Bow hunting in town: Legal but is it safe?
Police chief Gary Lowe said he wouldn’t seek changes in borough laws that effectively prohibit hunters from shooting big game with a rifle in the Haines townsite but allow such hunting with a bow.
Some residents this fall raised questions about the laws after bow hunters went after a moose that survived a shooting at the golf course during the annual subsistence hunt. The bow hunters were on property alongside Haines Highway inside the townsite.
Borough law prohibits discharging a firearm in the townsite, but doesn’t address bow hunting.
Lowe said bow hunters who come too close to populated areas of the townsite could be charged with reckless behavior or endangerment of others.
"That it’s legal doesn’t mean I’d take my bow down to the high school parking lot. Every moose season we get a couple inquiries about shooting a bow within the townsite. There are areas of the townsite that are fairly uninhabited, like the Lilly Lake area. Would it be safe to shoot a bow in that particular area? I think it would be. The opposite would be the playground at Dusty Trails, where you’re endangering more than the moose."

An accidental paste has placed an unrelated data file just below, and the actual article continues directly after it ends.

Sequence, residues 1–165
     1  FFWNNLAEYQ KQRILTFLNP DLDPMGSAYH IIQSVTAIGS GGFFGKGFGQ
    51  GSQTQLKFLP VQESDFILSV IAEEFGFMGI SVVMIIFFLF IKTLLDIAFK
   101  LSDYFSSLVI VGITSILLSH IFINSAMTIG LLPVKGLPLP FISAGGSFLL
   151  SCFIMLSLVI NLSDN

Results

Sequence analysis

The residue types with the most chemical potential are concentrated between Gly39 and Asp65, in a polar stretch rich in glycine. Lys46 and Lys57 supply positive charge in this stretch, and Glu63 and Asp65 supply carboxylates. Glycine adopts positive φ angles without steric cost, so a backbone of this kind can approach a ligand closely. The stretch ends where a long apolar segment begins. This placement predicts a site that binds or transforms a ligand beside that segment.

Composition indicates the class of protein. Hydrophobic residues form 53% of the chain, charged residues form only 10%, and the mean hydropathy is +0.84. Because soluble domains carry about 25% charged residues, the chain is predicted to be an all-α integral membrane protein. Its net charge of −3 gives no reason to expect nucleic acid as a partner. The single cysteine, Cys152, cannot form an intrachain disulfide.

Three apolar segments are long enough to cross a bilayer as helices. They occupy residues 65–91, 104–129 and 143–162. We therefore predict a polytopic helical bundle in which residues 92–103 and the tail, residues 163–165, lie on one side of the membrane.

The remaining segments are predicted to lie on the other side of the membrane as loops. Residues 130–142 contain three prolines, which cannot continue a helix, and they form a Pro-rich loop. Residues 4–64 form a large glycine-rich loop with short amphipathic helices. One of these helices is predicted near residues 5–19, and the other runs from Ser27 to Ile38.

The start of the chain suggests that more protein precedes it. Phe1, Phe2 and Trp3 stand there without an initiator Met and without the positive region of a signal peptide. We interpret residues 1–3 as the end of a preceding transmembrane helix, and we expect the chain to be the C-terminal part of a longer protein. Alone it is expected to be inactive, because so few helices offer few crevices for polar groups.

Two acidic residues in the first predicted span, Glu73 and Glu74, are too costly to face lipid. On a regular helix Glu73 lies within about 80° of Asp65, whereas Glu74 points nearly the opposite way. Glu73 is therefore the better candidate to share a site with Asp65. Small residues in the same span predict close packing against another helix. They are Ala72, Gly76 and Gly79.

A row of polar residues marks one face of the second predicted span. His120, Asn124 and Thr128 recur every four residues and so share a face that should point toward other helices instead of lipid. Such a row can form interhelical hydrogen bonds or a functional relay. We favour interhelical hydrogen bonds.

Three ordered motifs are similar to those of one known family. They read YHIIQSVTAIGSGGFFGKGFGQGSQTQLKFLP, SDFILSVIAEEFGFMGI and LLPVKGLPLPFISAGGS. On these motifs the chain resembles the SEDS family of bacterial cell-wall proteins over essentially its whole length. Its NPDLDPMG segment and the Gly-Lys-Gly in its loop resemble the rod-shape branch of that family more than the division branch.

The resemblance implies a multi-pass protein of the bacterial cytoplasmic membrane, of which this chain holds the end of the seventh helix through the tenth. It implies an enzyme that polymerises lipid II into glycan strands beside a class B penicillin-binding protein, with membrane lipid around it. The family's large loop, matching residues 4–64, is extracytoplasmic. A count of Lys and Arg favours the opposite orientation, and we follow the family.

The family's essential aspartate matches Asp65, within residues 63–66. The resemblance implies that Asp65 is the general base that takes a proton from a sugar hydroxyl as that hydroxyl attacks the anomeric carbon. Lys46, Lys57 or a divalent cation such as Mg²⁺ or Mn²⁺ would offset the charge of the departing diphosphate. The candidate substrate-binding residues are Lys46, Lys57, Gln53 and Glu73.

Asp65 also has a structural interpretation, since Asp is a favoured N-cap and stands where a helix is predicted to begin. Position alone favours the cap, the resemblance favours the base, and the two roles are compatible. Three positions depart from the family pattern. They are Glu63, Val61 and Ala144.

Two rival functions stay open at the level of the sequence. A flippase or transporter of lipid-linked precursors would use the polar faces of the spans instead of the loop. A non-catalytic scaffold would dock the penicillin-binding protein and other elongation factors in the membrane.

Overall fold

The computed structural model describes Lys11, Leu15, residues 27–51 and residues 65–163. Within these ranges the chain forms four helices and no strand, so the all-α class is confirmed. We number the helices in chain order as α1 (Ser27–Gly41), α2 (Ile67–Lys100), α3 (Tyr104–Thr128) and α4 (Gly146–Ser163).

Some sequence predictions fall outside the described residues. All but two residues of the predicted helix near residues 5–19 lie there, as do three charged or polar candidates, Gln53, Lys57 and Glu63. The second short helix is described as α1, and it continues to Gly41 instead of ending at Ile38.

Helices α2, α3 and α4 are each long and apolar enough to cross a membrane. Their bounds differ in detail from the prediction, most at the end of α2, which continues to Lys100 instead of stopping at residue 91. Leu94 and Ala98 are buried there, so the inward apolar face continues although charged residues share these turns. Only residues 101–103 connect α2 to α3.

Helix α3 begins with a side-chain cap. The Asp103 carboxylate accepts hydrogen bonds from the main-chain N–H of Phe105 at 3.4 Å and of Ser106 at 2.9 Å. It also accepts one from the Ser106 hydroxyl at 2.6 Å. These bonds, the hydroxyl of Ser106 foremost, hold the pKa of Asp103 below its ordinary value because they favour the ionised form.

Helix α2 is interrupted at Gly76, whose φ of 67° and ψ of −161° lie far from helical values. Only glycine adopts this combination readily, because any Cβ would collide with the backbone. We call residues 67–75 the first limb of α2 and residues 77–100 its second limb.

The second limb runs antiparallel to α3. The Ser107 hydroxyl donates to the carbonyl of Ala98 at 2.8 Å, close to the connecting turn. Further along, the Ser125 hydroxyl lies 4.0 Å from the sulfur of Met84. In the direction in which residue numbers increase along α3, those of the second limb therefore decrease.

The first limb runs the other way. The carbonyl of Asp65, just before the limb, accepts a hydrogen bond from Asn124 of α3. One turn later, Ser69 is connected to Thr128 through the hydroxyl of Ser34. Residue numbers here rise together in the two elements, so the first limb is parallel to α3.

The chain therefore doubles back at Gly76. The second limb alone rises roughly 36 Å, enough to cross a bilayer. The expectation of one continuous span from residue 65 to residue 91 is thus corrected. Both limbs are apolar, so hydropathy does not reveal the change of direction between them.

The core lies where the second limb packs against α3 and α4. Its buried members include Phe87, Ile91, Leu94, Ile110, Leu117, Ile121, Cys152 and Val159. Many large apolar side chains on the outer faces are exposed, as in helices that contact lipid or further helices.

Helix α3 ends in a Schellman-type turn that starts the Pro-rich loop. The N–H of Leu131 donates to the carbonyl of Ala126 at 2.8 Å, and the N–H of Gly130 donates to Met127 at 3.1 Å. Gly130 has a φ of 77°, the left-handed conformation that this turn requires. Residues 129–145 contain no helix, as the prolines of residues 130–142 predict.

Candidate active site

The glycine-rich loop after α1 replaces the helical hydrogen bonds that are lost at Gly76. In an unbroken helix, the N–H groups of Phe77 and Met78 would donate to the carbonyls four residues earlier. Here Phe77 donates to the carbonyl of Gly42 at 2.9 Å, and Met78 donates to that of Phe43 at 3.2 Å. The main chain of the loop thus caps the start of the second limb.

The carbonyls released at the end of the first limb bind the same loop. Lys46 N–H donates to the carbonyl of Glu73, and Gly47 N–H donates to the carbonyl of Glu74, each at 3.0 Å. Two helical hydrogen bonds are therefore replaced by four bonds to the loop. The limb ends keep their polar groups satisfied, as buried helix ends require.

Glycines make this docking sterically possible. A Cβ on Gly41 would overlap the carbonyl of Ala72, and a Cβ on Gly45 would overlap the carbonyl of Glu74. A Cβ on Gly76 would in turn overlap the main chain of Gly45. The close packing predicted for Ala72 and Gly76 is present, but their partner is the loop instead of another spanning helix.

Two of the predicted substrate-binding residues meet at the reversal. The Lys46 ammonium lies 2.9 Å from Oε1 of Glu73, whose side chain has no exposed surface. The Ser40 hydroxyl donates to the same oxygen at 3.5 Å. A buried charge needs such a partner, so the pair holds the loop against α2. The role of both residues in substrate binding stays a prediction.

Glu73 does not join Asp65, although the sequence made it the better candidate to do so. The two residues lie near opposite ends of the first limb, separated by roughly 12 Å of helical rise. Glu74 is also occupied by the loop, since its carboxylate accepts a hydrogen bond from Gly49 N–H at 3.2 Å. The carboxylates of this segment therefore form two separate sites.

Dean Risley, chair of the Upper Lynn Canal Advisory Committee, said he didn’t expect his group to take up the issue. He said he hoped hunters would be guided by common sense.
Highway resident Craig Loomis said he’d like to see rifle hunting allowed in his neighborhood at 2.5 Mile Haines Highway, or bow hunting prohibited. He said rifle hunting was as safe, and more humane, than bow hunting.
"The moose is just as dead whether you shoot them with a gun or a bow. I’d just as soon see it dead where it stands rather than see it run off for a half a mile," Loomis said.
Although the townsite boundaries changed about a decade ago to prohibit firing a gun in his neighborhood, nothing has changed to make that particularly unsafe, Loomis said.
"I don’t see what the difference is. It all boils down to the city limits thing. It’s big brother in our business again," he said.
Police chief Lowe said he could "go either way" on the question of prohibiting bow hunting or keeping current laws. "As long as it’s safe and there’s a low likelihood anyone’s going to get hurt," he said.